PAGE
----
2004 Nissan 350Z Front-end Problem-pre-mature tire wear

tires
350z

#1

We bought a new 2004 Nissan 350Z as a 2nd car and it now has 6600 miles on it. It is already exhibiting well known problems of front tire wear on the inside edge which after some time causes tire growl and eventually tires wear completely. The presumed fault is that the upper control arms have no camber adjustment and whatever is “built-in” from the fattory causes the problem. There are a couple of aftermarket upper controla rms that have camber adjustment.

Has anyone installed those?

If so, what has been the cost?

What has been the experience, has it stopped the tire wear problem?


#2

Have you had the alignment checked yet?


#3

Inside tire wear can also be caused by toe out and your upper control arms may be adjustable, but they have to be just about removed in order to install the shims.

You need to have the alignment checked before jumping to conclusions.


#4

I agree with Craig and Keith. Get the alignment checked as toe-out can cause this and camber may have nothing at all to do with it.


#5

It is already exhibiting well known problems of front tire wear on the inside edge which after some time causes tire growl and eventually tires wear completely.
That can be confirmed at least 3 years after from now, but not now.

As for the “upper link”, you’d be suprised how it affects the bump steer/caster/camber if you replace it with such a adjustable parts. Another factor to bear in mind is that, the multi link suspension is the result of compromise so upper link alone is not going to solve the issue you descrided. If I were you, I’d replace the bushings with new one(all of them) and see what happens on the alignment tester. You should be okay unless the car have bent arm/link/member. Good luck.


#6

Since the car only has a measly 6k+ miles on it I would not think any bushings would be worn nor should anything be bent unless the car hit a severe pothole.

It’s entirely possible the alignment was off since the day the car was built. They’re not going to spend a lot of time at the factory performing alignments.
It’s going to be here, close enough, and roll it out.

When I used to work for dealers only a very few car brands actually specified an alignment check before the car was sold. SAAB was one that did and sometimes one would find a new SAAB that was out of whack.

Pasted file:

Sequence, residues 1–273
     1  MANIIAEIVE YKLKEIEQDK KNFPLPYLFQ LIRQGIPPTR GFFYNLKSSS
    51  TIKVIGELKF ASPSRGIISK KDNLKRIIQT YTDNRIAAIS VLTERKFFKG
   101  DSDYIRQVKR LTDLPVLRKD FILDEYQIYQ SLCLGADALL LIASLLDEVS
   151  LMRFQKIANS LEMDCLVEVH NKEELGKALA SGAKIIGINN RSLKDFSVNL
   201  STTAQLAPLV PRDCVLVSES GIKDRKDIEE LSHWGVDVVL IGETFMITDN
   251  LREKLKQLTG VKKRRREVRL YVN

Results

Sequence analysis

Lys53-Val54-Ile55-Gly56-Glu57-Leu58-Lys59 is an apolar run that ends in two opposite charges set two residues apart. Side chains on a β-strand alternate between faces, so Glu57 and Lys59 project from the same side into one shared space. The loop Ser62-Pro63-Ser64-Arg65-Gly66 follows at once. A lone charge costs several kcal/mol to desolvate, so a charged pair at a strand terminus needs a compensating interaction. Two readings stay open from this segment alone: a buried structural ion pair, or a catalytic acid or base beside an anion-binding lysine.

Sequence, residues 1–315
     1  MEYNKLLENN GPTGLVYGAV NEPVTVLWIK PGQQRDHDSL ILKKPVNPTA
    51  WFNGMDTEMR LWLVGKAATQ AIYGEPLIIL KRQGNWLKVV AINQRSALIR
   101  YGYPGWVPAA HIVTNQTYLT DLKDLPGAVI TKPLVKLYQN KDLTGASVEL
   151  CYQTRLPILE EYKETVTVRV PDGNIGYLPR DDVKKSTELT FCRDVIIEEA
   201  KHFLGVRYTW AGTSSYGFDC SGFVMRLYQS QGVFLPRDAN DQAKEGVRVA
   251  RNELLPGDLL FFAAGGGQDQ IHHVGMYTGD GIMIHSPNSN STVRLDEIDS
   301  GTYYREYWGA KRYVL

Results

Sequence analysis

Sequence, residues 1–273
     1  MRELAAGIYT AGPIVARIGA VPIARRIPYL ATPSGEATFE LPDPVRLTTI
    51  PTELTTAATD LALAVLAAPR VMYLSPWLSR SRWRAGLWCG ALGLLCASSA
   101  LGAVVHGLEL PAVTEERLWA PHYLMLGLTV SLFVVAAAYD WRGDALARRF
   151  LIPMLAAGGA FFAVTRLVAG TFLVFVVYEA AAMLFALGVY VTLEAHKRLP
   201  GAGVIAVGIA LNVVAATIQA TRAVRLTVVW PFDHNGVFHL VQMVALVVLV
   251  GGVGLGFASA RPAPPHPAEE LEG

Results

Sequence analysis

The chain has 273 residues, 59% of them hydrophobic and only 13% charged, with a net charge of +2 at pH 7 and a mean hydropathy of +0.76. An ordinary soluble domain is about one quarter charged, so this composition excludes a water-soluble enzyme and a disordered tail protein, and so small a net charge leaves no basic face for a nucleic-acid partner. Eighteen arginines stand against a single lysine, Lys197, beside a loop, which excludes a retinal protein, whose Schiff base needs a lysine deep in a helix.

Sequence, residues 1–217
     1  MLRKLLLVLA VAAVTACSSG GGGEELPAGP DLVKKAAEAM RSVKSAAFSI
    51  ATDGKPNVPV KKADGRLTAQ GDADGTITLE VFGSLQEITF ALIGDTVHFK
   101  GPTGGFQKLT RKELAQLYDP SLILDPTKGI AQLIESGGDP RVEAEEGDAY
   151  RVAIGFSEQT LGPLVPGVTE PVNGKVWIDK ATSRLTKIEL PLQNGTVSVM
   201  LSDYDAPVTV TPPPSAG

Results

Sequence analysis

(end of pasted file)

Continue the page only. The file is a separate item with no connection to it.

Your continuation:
This alignment was paid for by SAAB for instance, and was part of the PDI (pre-delivery inspection) that was performed on all new cars.

The difference was that VW, Honda, Fiat, Subaru, Toyota, Nissan, etc., did not specify an alignment check nor did any of the new cars get an alignment check before they were sold.

Law of averages says there’s going to be a few in each group that are off. The OP happened to get one; assuming they’re pothole and railroad track free. :slight_smile:


#7

They’re not going to spend a lot of time at the factory performing alignments.
It’s going to be here, close enough, and roll it out
You might be right. After Renault’s buyout they became a subsidiary selling cheap junk at high price. it’s sad but true.


#8

Thanks for the replies so far.
This car has never been driven hard and has not hit anything (pothole or otherwise), so the front end shouldn’t have anything bent.
When the car wetn in for service at 6600 miles to replace rear hatch gas-filled struts, the dealer called us and said they were doing a front-end alignment beacuse the tires were exhibiting wear but it was covered because Nissan extended a front-end warranty for the 2004 model year.
If you read some other forums and the class-action lawsuit you will see this is not an isolated incident. According to reports, it also affects the Infiniti G35 for the same model years. Apparently a long term test by a well-known organization or auto magazine like Car & Driver but that may not be the one (I’m having a senior moment) reported the tire feathering problem also for the 2003 model year. According to other reports, what Nissan has tried as a remedy for this, other than admitting some sort of fundamental defect is, 1)tell you it’s the way you drive, 2)when they’ve decided to replace tires they replaced them with a harder rubber compound and blamed it on the original softer compound, 3)do repeated front-end alignments.
It appears to be shotgunning and fixing symptoms rather than the root cause.


#9

I was not aware of this chronic problem with the 350Z.

However, I did notice there is a TSB (Technical Service Bulletin) out on this problem and also a corporate communique.

In a nutshell, Nissan says that camber is NOT an issue. They state that incorrect toe from the factory is the problem and this is why a front alignment was extended for warranty purposes.

Nissan also states that once the toe is PROPERLY set there will be no more problems. They are telling the alignment techs do not go by any colored GO/NO GO markers on an alignment rack; use ONLY the exact numbers given as the toe is extremely critical on these cars.

Any continued problems after being reset seems to mean the toe was not correctly set down to the last few minutes. (a minute being 1/60th of a degree)

Nissan also says that if your vehicle has less than 20k miles on it then you’re entitled to new front tires; over 20k miles they’re pro-rated.

Sounds like a trip to the Nissan dealer is in order for new tires and a proper alignment. If the dealer balks then call the regional office right then and there.

Hope some of that helps anyway.


#10

This might offer more detail than I gave. There’s a phone number at the bottom and Nissan seems to think that the toe may not be set properly even after the alignment.

Here 'tis.
http://www.freshalloy.com/site/cars/nissan/2004/z/tsb/home.shtml


#11

Thanks very much for that info. They even provide an explanation why repeated problems may occur (dealers not calibrating alignment equipment, using go/no-go indication). I hope this in fact is the answer.